Steam Now Produced from Almost Freezing Water

New technology uses nanoparticles to make steam, renders boiling obsolete

A team of specialists working with the Rice University has recently made it public news that, when it comes to producing steam from water, boiling is soon to no longer be a must.

This is because a technology they developed and tested supposedly is fully capable of using nanoparticles in order to make steam, without the need to previously heat the water past its boiling point.

The researchers explain that their innovative use of nanoparticles stands to change the way in which numerous industrial processes use and abuse natural resources.

This is because, for the time being at least, making steam means that water must first be boiled, something that translates into considerable amounts of energy being burnt in order to accomplish this task.

Therefore, switching from boiling to using nanoparticles will translate into more energy-efficient steam-reliant industrial processes.

As Naomi Halas, the director of the Laboratory for Nanophotonics at Rice University puts it, “It's a new way to make steam without boiling water,” which, “opens up a lot interesting doors in terms of what you can use steam for.”

MIT Technology Review lets us in on all the science talk surrounding this new technology. Thus, the researchers first filled up a small tube of water with numerous nanoparticles, and then proceeded to focus sunlight on it.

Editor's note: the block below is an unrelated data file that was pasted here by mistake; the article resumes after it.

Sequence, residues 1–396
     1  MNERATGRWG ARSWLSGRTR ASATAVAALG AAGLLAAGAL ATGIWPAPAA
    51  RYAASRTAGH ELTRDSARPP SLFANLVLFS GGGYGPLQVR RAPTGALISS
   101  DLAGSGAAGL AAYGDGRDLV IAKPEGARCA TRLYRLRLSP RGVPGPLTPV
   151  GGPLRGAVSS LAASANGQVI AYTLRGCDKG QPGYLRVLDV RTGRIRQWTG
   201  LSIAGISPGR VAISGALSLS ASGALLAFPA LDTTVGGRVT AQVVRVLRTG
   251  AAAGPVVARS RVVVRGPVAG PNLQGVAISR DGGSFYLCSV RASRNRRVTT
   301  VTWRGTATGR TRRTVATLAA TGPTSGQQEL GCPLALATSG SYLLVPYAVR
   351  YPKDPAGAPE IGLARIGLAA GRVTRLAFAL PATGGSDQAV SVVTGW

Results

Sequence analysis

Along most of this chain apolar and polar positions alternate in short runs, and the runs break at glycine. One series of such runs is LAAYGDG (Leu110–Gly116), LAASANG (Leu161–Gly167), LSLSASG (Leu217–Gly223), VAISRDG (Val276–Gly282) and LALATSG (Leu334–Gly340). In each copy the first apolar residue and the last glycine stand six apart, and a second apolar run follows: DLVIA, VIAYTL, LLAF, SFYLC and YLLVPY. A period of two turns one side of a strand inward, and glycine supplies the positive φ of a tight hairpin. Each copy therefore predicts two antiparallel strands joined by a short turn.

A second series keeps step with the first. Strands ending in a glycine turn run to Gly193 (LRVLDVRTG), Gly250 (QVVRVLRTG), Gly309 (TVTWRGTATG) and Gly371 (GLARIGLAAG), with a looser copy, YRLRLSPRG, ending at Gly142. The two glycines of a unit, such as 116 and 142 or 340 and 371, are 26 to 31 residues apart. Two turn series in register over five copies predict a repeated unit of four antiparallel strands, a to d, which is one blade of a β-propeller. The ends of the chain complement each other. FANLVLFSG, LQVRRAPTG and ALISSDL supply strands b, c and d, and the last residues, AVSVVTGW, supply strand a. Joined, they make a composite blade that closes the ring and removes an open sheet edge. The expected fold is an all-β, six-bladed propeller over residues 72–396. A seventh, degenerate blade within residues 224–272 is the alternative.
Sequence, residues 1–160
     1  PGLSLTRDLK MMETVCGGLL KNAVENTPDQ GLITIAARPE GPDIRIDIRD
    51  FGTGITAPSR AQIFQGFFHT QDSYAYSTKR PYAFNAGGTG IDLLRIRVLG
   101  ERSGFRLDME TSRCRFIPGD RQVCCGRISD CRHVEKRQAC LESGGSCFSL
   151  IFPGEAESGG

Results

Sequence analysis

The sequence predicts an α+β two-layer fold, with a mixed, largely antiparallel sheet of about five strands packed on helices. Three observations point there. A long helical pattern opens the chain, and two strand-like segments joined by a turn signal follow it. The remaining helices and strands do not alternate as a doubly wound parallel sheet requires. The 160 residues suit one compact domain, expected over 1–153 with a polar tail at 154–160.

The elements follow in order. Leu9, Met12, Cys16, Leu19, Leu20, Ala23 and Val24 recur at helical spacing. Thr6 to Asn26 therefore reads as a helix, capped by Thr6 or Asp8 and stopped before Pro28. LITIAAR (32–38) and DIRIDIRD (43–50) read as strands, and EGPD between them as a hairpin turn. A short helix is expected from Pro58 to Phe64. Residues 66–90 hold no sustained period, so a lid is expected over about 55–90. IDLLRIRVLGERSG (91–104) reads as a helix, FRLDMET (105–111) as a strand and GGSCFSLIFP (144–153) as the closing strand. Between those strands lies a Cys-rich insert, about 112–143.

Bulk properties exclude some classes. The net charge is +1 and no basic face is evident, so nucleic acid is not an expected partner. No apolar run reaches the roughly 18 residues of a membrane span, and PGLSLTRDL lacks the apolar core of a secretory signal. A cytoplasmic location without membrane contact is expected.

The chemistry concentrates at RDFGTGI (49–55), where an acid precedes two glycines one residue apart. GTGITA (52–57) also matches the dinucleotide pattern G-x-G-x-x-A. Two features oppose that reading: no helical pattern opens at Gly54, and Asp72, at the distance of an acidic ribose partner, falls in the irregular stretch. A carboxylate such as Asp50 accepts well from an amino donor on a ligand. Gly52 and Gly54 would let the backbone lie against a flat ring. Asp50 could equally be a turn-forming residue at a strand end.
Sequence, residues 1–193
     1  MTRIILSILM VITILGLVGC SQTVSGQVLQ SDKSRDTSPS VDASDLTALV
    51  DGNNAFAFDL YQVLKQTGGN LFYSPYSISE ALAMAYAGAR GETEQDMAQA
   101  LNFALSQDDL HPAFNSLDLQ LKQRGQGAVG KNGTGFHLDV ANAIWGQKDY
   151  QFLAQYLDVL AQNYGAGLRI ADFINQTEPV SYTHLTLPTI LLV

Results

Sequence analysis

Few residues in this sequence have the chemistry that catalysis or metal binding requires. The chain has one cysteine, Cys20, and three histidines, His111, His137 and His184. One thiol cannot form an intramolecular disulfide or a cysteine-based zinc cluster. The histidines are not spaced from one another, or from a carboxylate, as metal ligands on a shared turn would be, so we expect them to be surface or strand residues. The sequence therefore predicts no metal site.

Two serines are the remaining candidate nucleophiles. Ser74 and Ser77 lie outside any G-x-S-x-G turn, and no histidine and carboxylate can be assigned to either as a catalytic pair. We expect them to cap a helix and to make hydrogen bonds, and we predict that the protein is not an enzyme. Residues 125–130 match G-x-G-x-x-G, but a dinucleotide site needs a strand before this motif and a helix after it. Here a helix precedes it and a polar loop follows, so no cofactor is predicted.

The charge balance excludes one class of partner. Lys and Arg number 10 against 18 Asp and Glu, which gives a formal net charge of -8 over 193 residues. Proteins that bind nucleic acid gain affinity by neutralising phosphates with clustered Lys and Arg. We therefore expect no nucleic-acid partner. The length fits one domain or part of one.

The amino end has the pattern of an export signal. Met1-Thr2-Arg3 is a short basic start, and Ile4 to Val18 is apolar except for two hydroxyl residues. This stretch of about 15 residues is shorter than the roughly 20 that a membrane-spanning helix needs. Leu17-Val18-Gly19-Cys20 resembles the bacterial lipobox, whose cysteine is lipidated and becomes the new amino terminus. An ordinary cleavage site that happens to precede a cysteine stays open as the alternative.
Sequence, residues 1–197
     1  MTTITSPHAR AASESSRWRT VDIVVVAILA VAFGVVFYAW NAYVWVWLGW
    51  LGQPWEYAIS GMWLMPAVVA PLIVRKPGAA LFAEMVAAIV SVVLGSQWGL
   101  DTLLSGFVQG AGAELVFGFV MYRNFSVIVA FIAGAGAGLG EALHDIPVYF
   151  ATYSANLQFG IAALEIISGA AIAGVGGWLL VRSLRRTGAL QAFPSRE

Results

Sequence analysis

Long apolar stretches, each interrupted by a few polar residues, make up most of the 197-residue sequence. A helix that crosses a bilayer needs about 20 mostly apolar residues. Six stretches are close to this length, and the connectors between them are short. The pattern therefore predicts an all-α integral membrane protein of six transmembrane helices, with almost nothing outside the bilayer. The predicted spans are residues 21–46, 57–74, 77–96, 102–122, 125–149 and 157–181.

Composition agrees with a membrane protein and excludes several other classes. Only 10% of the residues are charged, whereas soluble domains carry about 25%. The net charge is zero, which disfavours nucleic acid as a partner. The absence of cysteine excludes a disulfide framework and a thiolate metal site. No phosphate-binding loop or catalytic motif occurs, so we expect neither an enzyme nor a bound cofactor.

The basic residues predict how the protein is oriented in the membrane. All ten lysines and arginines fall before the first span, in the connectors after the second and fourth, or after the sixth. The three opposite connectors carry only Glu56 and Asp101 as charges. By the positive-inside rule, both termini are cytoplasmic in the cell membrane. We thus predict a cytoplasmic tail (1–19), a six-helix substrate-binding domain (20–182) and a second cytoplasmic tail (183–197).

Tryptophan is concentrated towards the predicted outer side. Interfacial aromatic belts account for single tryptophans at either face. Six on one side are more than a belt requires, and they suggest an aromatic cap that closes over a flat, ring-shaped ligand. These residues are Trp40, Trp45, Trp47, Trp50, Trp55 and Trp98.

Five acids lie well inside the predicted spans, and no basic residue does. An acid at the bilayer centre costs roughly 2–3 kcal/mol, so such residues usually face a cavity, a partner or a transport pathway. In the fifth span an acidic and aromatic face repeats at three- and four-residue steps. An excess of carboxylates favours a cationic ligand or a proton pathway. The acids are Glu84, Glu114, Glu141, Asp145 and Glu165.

Despite the fact that the water's temperature was previously brought close to freezing, it seems that, once the sunlight hit the nanoparticles, it only took about 20 seconds before steam began being produced.

Moreover, 82% of the sun energy collected by these nanoparticles went into generating steam, whereas only 18% of it ended up heating the water.

The specialists who worked on this project hope that their findings will make it possible for engineers to develop cost- and energy-efficient steam-generation devices that can help with water purification, sterilization of various objects, and sewage treatment in poor countries.

However, future studies are needed in order to make pertinent observations concerning the life span and feasibility of these nanoparticles.

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